Posted by: rufus magister | Jul 24 2015 12:03 utc | 69

Syria calls for regional alliance to counter terrorism

The Syrian foreign minister has called on the countries in the Middle East to make efforts to establish a regional alliance to counter the rising threat of terrorist groups like ISIL in the region.

In a Friday address to the Media Conference Against Terrorism in the Syrian capital, Damascus, Walid al-Muallem said the necessity for setting up such a united front has increased in the absence of “any serious international and regional effort for combating terrorism.”

“The need to create such an alliance is certain particularly in light of the failure of the anti-ISIL alliance established by America,” said Muallem of the ongoing airstrikes by the United States and allies against purported ISIL targets in Iraq and Syria.

The top Syrian diplomat questioned the honesty of Washington in creating the coalition, saying, “Does the US really intend to eliminate ISIL, or does it want to exploit it to realize its strategic goals?”

Regardless the outcome in the US of actions in response to the Iran 'sanctions' deal it looks as though things are beginning to come together in the Syria-Iraq-Iran belt. That can only be a good thing, as far as I can see. I hope that the SCO/BRICS/EEU speak up and encourage SII, at least, to act together to contain terrorist/extremists and to bring peace, and eventually prosperity, back to the region.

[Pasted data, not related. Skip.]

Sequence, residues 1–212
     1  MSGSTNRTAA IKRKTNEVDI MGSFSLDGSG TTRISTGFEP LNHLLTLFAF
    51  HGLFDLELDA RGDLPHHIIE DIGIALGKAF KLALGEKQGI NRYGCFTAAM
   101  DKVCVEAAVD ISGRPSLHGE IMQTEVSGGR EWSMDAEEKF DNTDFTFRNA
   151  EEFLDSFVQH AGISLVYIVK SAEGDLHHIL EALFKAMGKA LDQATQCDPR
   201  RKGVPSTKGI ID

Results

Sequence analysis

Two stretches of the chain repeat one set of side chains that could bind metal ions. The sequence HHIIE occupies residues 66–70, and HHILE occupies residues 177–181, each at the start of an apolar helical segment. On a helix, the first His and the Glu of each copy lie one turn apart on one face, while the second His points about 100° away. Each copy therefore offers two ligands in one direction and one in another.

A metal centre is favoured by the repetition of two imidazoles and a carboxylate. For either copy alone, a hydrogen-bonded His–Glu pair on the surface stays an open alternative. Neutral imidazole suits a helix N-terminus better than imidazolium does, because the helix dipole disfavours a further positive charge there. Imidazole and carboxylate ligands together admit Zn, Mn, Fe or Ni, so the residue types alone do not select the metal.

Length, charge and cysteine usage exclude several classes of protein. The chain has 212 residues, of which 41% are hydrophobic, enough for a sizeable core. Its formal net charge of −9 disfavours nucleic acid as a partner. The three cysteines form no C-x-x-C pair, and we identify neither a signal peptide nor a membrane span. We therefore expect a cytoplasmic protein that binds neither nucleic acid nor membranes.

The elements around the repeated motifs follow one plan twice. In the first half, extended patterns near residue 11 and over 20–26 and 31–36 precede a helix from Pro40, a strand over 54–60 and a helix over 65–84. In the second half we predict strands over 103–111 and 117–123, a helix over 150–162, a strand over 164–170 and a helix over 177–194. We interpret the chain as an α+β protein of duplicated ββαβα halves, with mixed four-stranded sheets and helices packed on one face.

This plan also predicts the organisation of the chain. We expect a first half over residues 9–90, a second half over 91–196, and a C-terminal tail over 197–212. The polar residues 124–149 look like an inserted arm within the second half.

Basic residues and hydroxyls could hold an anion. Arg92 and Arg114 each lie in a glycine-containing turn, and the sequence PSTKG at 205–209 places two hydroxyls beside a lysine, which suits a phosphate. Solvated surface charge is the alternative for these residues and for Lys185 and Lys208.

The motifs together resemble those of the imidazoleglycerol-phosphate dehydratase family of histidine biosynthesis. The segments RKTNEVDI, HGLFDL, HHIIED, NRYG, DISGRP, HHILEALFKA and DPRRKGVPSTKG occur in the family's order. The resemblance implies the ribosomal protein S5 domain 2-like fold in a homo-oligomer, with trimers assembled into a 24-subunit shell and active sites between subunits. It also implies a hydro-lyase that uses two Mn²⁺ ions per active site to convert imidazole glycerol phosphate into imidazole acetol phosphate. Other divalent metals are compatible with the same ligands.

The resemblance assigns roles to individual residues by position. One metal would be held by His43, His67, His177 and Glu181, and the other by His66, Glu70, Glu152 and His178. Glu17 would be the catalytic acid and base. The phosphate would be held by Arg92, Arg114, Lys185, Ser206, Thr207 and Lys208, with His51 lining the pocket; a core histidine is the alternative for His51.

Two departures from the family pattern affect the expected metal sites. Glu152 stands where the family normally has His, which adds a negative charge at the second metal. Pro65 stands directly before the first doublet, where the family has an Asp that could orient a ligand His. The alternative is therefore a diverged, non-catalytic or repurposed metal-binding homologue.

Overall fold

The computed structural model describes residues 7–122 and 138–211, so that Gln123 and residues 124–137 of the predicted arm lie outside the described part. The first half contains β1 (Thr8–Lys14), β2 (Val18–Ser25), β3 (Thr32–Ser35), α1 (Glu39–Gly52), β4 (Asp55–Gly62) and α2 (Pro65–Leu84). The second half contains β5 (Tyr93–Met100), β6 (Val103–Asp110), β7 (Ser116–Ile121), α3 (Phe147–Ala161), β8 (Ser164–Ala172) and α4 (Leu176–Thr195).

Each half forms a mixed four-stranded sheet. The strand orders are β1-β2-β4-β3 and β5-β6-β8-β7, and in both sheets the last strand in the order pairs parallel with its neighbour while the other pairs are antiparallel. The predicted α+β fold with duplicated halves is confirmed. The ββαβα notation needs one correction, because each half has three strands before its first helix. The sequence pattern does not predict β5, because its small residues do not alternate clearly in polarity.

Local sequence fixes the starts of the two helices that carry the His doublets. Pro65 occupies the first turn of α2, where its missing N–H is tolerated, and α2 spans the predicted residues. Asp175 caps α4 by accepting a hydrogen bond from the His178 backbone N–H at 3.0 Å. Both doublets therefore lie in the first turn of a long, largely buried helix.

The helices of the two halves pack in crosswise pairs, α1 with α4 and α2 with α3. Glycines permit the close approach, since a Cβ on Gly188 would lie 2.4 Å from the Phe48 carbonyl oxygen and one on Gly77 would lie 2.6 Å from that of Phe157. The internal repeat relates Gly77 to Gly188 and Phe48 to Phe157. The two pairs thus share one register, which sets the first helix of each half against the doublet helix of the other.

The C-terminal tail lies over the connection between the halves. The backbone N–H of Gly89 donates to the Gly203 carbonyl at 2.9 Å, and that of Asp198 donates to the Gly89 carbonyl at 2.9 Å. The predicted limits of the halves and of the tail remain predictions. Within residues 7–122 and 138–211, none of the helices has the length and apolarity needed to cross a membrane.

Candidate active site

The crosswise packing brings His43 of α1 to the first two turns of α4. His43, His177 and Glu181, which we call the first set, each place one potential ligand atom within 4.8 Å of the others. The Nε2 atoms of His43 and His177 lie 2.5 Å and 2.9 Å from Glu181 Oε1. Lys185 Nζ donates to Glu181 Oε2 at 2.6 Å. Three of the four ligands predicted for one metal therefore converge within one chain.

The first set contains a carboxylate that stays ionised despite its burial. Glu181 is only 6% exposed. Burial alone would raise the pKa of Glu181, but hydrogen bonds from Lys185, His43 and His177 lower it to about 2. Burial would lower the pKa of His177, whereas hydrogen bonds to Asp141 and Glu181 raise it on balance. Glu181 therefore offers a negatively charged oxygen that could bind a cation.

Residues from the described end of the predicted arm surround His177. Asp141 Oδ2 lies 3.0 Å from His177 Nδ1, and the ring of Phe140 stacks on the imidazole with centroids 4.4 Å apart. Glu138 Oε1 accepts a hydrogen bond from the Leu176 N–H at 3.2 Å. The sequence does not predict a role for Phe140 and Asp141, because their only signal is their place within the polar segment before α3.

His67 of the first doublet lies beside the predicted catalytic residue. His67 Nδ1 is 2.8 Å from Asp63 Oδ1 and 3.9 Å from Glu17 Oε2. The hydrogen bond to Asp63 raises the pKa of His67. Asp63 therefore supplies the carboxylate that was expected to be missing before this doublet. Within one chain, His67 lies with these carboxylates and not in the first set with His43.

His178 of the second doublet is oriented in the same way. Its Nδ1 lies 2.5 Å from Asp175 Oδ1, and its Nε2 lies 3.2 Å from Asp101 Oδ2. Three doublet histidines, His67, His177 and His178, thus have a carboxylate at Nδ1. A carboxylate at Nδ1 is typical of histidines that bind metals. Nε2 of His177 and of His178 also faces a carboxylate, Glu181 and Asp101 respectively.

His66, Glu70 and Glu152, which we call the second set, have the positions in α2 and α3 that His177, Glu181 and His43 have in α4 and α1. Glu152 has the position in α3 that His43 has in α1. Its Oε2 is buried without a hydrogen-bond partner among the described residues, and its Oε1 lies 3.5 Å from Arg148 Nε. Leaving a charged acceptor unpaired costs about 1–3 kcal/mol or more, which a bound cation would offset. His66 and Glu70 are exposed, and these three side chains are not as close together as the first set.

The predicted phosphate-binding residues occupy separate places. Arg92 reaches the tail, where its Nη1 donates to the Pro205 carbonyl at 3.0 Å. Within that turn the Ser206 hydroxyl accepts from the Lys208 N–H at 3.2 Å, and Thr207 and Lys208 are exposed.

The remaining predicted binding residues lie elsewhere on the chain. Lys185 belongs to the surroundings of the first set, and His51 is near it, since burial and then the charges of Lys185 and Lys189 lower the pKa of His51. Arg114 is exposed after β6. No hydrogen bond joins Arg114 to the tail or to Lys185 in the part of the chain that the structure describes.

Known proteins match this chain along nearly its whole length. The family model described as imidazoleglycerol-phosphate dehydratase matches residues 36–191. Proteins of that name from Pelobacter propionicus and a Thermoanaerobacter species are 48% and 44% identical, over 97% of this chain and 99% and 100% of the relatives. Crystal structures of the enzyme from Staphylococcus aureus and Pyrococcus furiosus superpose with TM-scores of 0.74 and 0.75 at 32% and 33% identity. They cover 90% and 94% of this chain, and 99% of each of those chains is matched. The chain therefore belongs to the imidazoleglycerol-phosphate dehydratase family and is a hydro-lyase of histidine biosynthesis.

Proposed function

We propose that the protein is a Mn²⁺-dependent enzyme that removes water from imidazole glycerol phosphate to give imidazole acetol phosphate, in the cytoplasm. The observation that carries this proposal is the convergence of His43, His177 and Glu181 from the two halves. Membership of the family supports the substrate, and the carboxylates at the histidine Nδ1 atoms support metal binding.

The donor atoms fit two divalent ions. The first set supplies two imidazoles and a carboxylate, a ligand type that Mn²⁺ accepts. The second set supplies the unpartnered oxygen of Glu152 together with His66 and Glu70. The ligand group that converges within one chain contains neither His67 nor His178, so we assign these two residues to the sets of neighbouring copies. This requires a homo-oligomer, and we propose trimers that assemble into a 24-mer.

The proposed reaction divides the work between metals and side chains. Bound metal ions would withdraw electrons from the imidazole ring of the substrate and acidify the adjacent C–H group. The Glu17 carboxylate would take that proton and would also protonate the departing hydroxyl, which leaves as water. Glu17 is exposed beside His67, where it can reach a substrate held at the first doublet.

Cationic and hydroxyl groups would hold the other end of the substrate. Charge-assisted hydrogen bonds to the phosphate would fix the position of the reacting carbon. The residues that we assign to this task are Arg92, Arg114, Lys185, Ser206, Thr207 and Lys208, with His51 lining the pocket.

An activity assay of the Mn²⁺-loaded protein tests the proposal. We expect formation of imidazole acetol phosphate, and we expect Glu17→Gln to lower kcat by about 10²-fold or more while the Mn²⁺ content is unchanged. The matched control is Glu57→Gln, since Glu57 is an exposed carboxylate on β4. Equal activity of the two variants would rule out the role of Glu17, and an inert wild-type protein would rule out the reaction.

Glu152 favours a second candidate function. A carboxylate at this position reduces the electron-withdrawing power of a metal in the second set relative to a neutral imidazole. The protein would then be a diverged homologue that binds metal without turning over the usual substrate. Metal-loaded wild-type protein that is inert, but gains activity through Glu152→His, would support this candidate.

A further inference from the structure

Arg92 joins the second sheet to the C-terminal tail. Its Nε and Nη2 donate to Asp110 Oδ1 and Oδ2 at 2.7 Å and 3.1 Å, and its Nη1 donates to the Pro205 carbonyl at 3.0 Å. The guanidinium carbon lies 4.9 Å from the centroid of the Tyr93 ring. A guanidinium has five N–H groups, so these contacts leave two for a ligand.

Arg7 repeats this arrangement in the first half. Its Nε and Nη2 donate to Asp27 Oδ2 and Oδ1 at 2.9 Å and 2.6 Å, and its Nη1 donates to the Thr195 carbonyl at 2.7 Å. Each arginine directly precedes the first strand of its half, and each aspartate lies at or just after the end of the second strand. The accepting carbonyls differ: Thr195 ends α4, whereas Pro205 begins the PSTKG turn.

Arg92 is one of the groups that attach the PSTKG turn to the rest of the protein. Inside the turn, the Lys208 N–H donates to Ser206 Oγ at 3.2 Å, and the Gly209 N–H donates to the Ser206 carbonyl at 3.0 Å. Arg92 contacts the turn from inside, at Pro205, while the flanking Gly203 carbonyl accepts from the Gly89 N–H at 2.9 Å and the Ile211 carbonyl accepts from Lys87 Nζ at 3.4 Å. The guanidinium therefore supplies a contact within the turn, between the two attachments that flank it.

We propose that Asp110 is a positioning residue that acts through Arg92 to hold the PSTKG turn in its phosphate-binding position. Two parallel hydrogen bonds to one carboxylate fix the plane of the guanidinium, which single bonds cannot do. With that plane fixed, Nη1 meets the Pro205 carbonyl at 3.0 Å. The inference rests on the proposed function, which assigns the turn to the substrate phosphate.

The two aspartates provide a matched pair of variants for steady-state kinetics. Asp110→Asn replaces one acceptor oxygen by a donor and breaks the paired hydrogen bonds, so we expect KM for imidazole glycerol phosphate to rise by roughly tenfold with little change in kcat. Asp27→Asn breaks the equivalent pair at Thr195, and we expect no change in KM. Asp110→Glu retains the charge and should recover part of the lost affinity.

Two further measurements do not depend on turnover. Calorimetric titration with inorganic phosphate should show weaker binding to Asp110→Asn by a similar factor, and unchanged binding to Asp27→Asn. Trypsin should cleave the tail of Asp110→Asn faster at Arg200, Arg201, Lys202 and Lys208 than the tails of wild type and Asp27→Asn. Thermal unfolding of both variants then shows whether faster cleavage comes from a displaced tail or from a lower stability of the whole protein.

Posted by: jfl | Jul 24 2015 17:44 utc | 70


I wonder who the Assad Regime was addressing at this meeting? It's not likely any ME country will join their alliance and even Russia didn't attend.

Posted by: Wayoutwest | Jul 24 2015 19:08 utc | 71


Well you've made your bet, I'll wait and see.

Posted by: jfl | Jul 25 2015 1:22 utc | 72

Ukrainian blogger Aleksandr Sabiy reports From Mukachevo to Kiev--Right Sector erects checkpoints. He is a nationalist, but not a fascist, and uses the occasion to prod to government to activity. In particular, he notes one on a main thorofare in Kiev.

It would seem that the Mukachevo situation has spilled into all of Ukraine and Kiev is not an exception. It may be it's just an effort to frighten people, but if not, why is it there? Ukraine's government also doesn't seem to know what to do in the conflict that erupted with its former "comrades"....

In the space of a year the Right Sector increased its personnel and arsenal so that the fire can erupt anywhere, even downtown Kiev.